PopMatters is moving to WordPress in December. We will continue to publish on this site as we work on the move. We aim to make it a seamless experience for readers.


Average Joe: The Joes Strike Back

Elaine Hanson Cardenas

The final competition involved words and sentiment, shifting the advantage to Nathan, despite a tropical location that favored Rocky's fit physique.

Average Joe

Airtime: Tuesdays, 8pm ET
Subtitle: The Joes Strike Back
Network: NBC

On the finale of this summer's Average Joe, Nathan, a Joe who had undergone a makeover, won, reversing a two-year losing streak for the Joes. In the last scene, when Anna extolled Nathan's virtues, it was easy to forget that she had sent him packing in an earlier episode, pre-makeover. Maybe it was the teeth -- he got veneers.

On the most superficial level, we can infer from this fairytale that nice guys can occasionally win, that it's important to keep striving for our goals, even if they seem unattainable, that sometimes a second chance is all anyone needs, even that good can triumph over evil. I prefer an alternative reading, one that places Average Joe in skewed and provocative relation to other reality dating shows.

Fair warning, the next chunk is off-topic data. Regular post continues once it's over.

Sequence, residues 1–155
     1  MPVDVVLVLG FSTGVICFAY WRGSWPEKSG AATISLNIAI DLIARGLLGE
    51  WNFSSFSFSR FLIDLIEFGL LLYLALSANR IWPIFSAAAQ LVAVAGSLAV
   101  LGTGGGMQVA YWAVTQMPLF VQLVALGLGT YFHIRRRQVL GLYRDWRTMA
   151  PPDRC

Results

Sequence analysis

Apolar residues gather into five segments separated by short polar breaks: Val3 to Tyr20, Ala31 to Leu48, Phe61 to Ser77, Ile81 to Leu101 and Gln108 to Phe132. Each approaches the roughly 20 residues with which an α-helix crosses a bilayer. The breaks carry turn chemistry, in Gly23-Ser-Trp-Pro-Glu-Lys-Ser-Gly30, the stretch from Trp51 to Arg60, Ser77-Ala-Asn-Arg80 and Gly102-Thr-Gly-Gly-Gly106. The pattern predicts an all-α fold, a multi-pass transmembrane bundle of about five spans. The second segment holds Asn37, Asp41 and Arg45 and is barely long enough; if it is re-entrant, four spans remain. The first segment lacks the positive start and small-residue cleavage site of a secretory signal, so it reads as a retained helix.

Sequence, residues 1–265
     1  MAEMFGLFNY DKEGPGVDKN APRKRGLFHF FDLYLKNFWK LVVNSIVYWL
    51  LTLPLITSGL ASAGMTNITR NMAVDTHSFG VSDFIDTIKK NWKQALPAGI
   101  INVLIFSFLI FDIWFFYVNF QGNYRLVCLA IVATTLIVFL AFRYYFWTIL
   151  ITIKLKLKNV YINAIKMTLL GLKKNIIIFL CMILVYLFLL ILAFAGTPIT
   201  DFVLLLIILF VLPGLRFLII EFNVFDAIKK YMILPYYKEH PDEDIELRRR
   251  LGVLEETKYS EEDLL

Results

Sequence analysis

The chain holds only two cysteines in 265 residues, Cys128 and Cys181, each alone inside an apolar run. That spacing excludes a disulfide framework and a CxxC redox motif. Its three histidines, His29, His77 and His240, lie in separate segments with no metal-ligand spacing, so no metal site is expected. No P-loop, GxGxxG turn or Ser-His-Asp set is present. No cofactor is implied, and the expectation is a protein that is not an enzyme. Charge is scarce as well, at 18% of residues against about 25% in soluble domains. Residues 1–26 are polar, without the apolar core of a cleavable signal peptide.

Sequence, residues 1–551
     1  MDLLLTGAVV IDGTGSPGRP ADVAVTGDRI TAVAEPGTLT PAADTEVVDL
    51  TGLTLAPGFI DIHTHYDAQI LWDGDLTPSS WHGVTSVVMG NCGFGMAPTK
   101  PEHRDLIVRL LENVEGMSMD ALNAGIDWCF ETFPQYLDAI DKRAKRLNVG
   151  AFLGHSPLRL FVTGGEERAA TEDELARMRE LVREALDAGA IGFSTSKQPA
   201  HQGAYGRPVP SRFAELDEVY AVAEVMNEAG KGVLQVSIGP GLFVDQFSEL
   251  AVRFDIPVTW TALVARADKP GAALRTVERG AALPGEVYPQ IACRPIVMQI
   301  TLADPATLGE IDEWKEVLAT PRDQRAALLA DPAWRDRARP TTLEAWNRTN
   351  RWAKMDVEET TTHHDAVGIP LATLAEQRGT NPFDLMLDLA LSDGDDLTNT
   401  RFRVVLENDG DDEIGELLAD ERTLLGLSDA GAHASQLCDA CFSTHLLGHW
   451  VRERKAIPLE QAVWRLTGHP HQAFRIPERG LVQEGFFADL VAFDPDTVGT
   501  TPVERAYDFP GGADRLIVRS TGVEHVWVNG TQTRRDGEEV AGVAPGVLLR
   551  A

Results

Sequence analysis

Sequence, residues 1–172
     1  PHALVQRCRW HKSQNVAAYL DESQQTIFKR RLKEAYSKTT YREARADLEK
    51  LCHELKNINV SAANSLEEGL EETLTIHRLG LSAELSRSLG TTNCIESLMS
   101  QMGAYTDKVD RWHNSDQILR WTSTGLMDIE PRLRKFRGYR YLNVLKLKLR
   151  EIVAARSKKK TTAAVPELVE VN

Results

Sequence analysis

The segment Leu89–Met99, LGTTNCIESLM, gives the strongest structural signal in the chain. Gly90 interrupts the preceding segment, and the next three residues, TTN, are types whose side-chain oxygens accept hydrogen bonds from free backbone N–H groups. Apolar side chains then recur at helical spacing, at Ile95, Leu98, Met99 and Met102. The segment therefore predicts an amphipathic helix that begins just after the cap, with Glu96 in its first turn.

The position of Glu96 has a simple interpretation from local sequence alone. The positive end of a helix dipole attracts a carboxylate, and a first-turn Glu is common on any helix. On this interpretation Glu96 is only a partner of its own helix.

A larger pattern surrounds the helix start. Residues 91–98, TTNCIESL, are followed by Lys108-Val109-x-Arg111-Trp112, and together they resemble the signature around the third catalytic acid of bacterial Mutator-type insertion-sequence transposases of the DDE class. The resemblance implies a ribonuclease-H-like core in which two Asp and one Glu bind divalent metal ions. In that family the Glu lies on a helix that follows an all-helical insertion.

Average Joe differs from other entries in the genre not only because the contestants are ordinary, but because they are pitted against a team of hunks. It has the usual small talk and eliminations, but the story really depends on a competition between two teams, rather than individuals. Its elevation of the simple contest becomes comic, given the prosaic subject -- dating.

From the beginning of the six-episode series of The Joes Strike Back, the contest between the Joes and hunks was presented as a bizarre sort of epic battle. On the evening the hunks arrived, the Joes were gathered together, enjoying fireworks. The hunks came into view on jet-skis, dressed in tuxedoes. It was like watching the Saxons land in Britain. The hunks were big, confident and good-looking, dominating the landscape and the smaller Joes. Later, at the Average Joe mansion, the hunks rummaged through the rooms and threw the Joes' belongings out in the garden, taking over like an invading army.